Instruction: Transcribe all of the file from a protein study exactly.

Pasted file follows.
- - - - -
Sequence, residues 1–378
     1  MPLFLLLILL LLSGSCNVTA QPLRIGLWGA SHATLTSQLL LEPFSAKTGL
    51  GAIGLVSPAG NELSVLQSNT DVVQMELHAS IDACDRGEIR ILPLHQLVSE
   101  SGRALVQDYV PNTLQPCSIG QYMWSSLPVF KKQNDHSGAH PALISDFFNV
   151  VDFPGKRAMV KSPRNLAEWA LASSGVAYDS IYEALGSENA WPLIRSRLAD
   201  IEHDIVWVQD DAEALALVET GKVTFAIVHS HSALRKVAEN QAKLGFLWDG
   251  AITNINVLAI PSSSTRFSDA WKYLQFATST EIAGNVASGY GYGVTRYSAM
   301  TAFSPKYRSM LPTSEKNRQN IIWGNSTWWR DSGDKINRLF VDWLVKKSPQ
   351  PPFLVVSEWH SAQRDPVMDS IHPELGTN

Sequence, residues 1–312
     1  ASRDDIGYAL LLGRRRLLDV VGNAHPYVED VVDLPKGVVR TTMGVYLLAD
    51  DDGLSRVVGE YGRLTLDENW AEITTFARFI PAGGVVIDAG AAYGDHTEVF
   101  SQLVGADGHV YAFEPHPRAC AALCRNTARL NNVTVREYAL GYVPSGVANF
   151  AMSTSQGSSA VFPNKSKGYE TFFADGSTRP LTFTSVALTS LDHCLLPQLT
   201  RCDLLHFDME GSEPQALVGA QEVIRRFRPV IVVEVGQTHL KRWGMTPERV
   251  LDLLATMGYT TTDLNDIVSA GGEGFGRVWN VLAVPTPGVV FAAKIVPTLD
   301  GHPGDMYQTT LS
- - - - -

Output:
Sequence, residues 1–378
     1  MPLFLLLILL LLSGSCNVTA QPLRIGLWGA SHATLTSQLL LEPFSAKTGL
    51  GAIGLVSPAG NELSVLQSNT DVVQMELHAS IDACDRGEIR ILPLHQLVSE
   101  SGRALVQDYV PNTLQPCSIG QYMWSSLPVF KKQNDHSGAH PALISDFFNV
   151  VDFPGKRAMV KSPRNLAEWA LASSGVAYDS IYEALGSENA WPLIRSRLAD
   201  IEHDIVWVQD DAEALALVET GKVTFAIVHS HSALRKVAEN QAKLGFLWDG
   251  AITNINVLAI PSSSTRFSDA WKYLQFATST EIAGNVASGY GYGVTRYSAM
   301  TAFSPKYRSM LPTSEKNRQN IIWGNSTWWR DSGDKINRLF VDWLVKKSPQ
   351  PPFLVVSEWH SAQRDPVMDS IHPELGTN

Sequence, residues 1–312
     1  ASRDDIGYAL LLGRRRLLDV VGNAHPYVED VVDLPKGVVR TTMGVYLLAD
    51  DDGLSRVVGE YGRLTLDENW AEITTFARFI PAGGVVIDAG AAYGDHTEVF
   101  SQLVGADGHV YAFEPHPRAC AALCRNTARL NNVTVREYAL GYVPSGVANF
   151  AMSTSQGSSA VFPNKSKGYE TFFADGSTRP LTFTSVALTS LDHCLLPQLT
   201  RCDLLHFDME GSEPQALVGA QEVIRRFRPV IVVEVGQTHL KRWGMTPERV
   251  LDLLATMGYT TTDLNDIVSA GGEGFGRVWN VLAVPTPGVV FAAKIVPTLD
   301  GHPGDMYQTT LS